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Get set for Shugborough‟s spookiest Halloween - ever! Following a one year break - when the spirits and spectres of Shugborough were allowed to do their worst, free from the glare of the Ghostbusters - the public are to be allowed back onto the Estate this Halloween for a night of family fun and frightening frolics. Back with a bang, and focusing on the theme of “things that go bump in the night”, the October 31st event promises to be a real howler… The ghostly and ghoulish Mansion House and Servants‟ Quarters will be transformed into a haunted house where visitors will find behind every corner a bump, a bang or an icy tap on the shoulder. A Gardens Ghost Train and a Pumpkin Trail leading deep into the darkness of Shugborough‟s grounds will generate even more shudders and shrieks on a night when visitors can also enjoy all the fun of a Fair (additional charges apply), a Kids' Disco, free Face Painting, trick or treating, apple bobbing and traditional refreshments including toffee apples, roast chestnuts and warm punch. So dust off your broomsticks and dress up your kids and head to Shugborough in Staffordshire as it prepares for the spookiest Halloween ever. Gates will open at 5pm on Thursday, October 31st, with adult tickets costing £10 in advance (£12 on the night); children and concessions £7.50 (£9.50); and family groups of two adults and up to three children £30 (£37). Parking is free, and located a short distance from the event area. Tickets are now available to buy online, or via the Box Office telephone number on 0845 459 8900; or from the Shugborough Ticket Office every day apart from Tuesdays from 11am to 4pm. The event has been a sell-out in previous years, and visitors are being advised to book early to avoid disappointment. Managed by Staffordshire County Council, Shugborough is one of the region‟s most popular tourist destinations with a packed progamme of year-round events that offers visitors and locals alike a great day out. For full details, visit http://www.shugborough.org.uk. Ends For further information, and photo-opportunities, please contact: Corinne Caddy Tel: 01889 881388 E-mail: email@example.com
Shugborough takes its name from “Shug” and “Barrow”, meaning: place of the impish devil. And with so many people living on, and passing through, the estate over centuries it‟s no wonder that „things that go bump in the night‟ are a frequent occurrence on the estate. Many people remark on the cold chill when they enter the State Bedroom, for example. This room is said to be haunted by Lady Harriet. And every morning there is the imprint of a body left on the bedclothes, which is duly straightened out but then reappears the next morning. Lady Harriet has also been seen holding a baby, combing her hair at the table and reflected in the mirror. Several years ago, Shugborough held an evening talk called Dressing for Dinner, which involved dressing mannequins in period costume. At the end of the evening, staff decided to put the mannequins and clothes in the dressing room overnight. When the room was unlocked the next day the mannequins had been pulled apart and strewn across the room and the desk had been upended. The Lichfield Suite corridor at one time led to the nursery, and the staff have frequently reported sniggering children playing a game of knock-and-run. A painter once working here felt his ladders being rattled by giggling children – and left the job, refusing to come back to complete his work. Several years ago, Shugborough held the first exhibition of Patrick Lichfield‟s work since he died in 2005. As the very last of the guests left the opening evening, management and staff started to hug each other to celebrate the success of the event. At that very moment a bottle of champagne – unopened and still sealed with its wire and foil – popped, sending a shower of champagne all everyone in the entrance hall. Behind-the-scenes, the offices are usually a hive of activity. On weekends, these areas are only accessed by a duty manager and yet heavy footsteps are regularly heard walking across the ceiling of the booking office on a Saturday and Sunday morning - despite nobody on duty having access to that area in the morning. On another occasion, two members of staff were working late in this office with the door closed, when they heard two ladies talking and laughing quite loudly just the other side of the door. Assuming, it was two of their colleagues who must have also been working late they opened the door to find no one there. With an estate the size of Shugborough, and with a workforce of well over 100 in its heyday, the house isn‟t the only place to boast a ghost or two. The farm, for example, has a whole collection of its own, as well! And more than one member of staff has seen mysterious hands fiddling and arranging decorative Christmas ivy on the banister rail outside the scullery and a ghostly face has been seem at the window on the same set of stairs.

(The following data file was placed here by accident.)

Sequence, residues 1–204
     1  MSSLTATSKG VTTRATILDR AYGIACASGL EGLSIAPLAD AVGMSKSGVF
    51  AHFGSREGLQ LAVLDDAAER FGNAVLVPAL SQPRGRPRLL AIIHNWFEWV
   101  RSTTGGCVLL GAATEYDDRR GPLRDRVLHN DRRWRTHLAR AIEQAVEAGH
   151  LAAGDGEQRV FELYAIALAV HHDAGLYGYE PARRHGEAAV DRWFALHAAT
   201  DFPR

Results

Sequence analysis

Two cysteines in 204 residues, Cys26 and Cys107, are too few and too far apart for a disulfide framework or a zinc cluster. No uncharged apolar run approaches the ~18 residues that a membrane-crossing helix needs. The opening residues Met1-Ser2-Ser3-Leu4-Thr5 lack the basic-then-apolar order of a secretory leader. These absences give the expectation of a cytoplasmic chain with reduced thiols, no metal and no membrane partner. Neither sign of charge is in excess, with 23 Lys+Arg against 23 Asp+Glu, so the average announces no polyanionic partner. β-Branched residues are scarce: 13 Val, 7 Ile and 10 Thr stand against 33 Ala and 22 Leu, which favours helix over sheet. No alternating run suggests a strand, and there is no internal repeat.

A lady in a brown dress is known to sit in the corner of the parlour and a photograph taken by a member of staff not so long ago shows candles in this room with flames blowing all at different angles (including horizontally) and three orbs in the room. A member of staff lives with her family in the upstairs on the farmhouse and they report that some evenings it feels like a party going on with constant chatter around the house. There have also been regular reports of muttering and doors opening and closing for no reason. There are also ghosts within the farm mill block, where a gentleman is sometimes seen and occasionally a baby crying is heard. The County Museum at Shugborough also houses some staff accommodation, lived in by the caretaker, receptionist and their family. When their youngest daughter was very ill, the receptionist walked into the bedroom to find a ghostly servant lady dressed in dark colours, sitting at the end of her daughter‟s bed. After a few days, the young girl started to get better and the receptionist walked in to find the ghostly servant once again sitting on the bed – only this time smiling contentedly. She never saw her again…until some time later when she was looking through a book of old pictures of Shugborough servants. And amongst the servants captured on early film, she immediately recognised the ghostly lady who had nursed her daughter back to health. While visitors to Shugborough may be aware that staff and volunteers often wear period costumes, a few years ago a group complained about a rude and insolent member of staff who had ignored them and swept past them in the Exhibition Room. She was described as a lady in a red riding habit. But the Shugborough Estate has never had anyone dress in this manner. And, as the Exhibition Room was part of the old stables, the general conclusion is that it was indeed a ghost who needed to brush up on her customer service skills…